Bean family (Fabaceae)
Description: This herbaceous perennial plant is about 3' tall and normally erect, although it sometimes sprawls along the ground. The green central stem has fine white hairs, sometimes turning brown in response to drought. There are usually a few flowering side stems in the upper half of a large mature plant. The compound leaves consist of three leaflets that are greyish green. Each compound leaf has a short petiole with a pair of small deciduous sheaths at its base. The leaflets are 2-3½" long and less than half as wide. They are oblong or lanceolate in overall shape, but rounded at the tips rather than pointed. Their undersides have fine hooked hairs that cling to clothing or the fur of passing animals.
Numerous pink flowers in an elongated panicle occur at the end of one or more of the upper stems. The flowers are about ½" across (as measured vertically), consisting of an upper and a lower petal. These petals are initially folded and keel-like, but eventually open wide, begining with the upper petal. There is a small patch of dark pink at the center of the flower, from which emerges an upwardly curved white tube containing the stigmas and pistil. There is no floral scent. Each flower occurs on a hairy red pedicel, and has a hairy greenish red calyx.The blooming period occurs during mid-summer and lasts about 3 weeks. The flat seedpods have 3 to 5 segments and are about 2½" long. Like the undersides of the leaves, they are covered with fine hooked hairs, and are distributed by passing animals. Usually, the lower side of a seedpod is more rounded than the upper side. Technically, these seedpods are called 'loments.' The root system consists of a taproot that is long, slender, and brown./p>
Cultivation: The preference is full or partial sun, and moist to mesic conditions. A loamy soil with some organic matter is quite satisfactory. The foliage is often discolored by powdery mildew. This plant increases the nitrogen content of the soil by means of root nodules.
Range & Habitat: The native Showy Tick Trefoil occurs occasionally in most counties of central and northern Illinois, but is it uncommon or absent in southern Illinois (see Distribution Map). Habitats include moist to mesic black soil prairies, moist meadows along rivers, borders of lakes, thickets, limestone glades, and areas along railroads where prairie remnants occur.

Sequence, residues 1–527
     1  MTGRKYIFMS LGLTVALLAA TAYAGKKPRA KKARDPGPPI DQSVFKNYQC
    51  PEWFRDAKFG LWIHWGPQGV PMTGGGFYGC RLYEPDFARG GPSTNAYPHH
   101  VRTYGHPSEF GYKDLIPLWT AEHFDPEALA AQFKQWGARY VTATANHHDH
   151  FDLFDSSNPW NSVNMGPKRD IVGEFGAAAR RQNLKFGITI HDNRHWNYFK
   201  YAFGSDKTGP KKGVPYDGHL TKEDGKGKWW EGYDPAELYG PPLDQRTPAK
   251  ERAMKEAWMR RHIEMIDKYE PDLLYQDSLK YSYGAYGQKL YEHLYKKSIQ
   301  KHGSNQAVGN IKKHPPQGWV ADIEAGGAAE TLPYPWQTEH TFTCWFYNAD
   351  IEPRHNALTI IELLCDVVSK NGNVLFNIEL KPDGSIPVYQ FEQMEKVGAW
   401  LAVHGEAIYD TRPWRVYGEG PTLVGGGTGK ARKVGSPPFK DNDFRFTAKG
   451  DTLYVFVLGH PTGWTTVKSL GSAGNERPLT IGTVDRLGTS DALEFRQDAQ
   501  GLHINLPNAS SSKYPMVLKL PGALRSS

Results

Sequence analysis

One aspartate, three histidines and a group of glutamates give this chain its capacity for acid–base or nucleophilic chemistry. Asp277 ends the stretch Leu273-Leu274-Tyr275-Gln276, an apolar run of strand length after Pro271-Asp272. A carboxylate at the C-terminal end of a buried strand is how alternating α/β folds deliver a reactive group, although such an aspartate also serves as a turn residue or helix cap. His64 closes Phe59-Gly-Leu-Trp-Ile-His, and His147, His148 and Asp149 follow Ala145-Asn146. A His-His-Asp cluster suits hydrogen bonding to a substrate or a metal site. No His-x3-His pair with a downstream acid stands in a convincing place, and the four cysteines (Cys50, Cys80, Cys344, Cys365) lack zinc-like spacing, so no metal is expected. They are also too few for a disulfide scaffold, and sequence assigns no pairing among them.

Faunal Associations: The most important visitors of the flowers are long-tongued bees, including bumblebees, Melissodes spp. (long-horned bees), and Megachile spp. (leaf-cutting bees). Only pollen is available as a floral reward (Robertson, 1929). Other insects feed on the foliage, seeds, and other parts of Showy Tick Trefoil and other Desmodium spp. (tick trefoils). These species include the seed-eating larvae of such weevils as Apion decoloratum and Apion reconditum, Odontota horni (Soybean Leafminer) and other leaf beetles, larvae of such gall flies as Choristoneura hamata and Neolasioptera desmodii, the aphids Microparsus desmodiorum and Microparsus olivei, the seed-eating Megalotomus quinquespinosus (Lupine Bug), leaf-eating larvae of Atomacera debilis (an Argid sawfly), leaf-mining larvae of such moths as Parectopa lespedezaefoliella and Porphyrosela desmodiella, leaf-eating larvae of such skippers as Thorybes bathyllus (Southern Cloudywing) and Thorybes pylades (Northern Cloudywing), larvae of two butterflies, Everes comyntas (Eastern Tailed Blue) and Strymon melinus (Gray Hairstreak), and Neohydatathrips desmodianus (Tick Trefoil Thrips). The flowering stems of Showy Tick Trefoil are a preferred food source of Popillia japonica (Japanese Beetle), which can weaken this plant sufficiently to interfere with the formation of seedpods. For a more complete list of these insect feeders, see the Insect Table. Like many other members of the Bean family, this plant is highly edible to various mammalian herbivores, including deer, rabbits, groundhogs, and livestock. Some upland gamebirds and small rodents eat the seeds, including the Bobwhite Quail, Wild Turkey, White-Footed Mouse, and Woodland Deer Mouse (Martin et al., 1951/1961; Hamilton, 1941). The seedpods can cling to the fur of mammals and clothing of humans, causing this plant to spread into new areas.
Photographic Location: Photographs were taken at Meadowbrook Park in Urbana, Illinois.
Comments: This is one of the showier Tick Trefoils because of the plentiful flowers, assuming it isn't marred by insects and disease. Showy Tick Trefoil is more attractive when it occurs in colonies, rather than as isolated plants. Distinguishing the different Desmodium spp. is rather difficult. Important features to consider are the number of segments and shape of the loments, and the size and structure of the compound leaves. Showy Tick Trefoil can be distinguished from Desmodium illinoense (Illinois Tick Trefoil) by examining the base of the compound leaves. The leaf-stem (primary petiole) connecting the compound leaf to the stem is much shorter in the former species than the latter species. Similarly, the leafy bracts at the base of the leaf-stem are smaller and more deciduous in the former species than the latter species.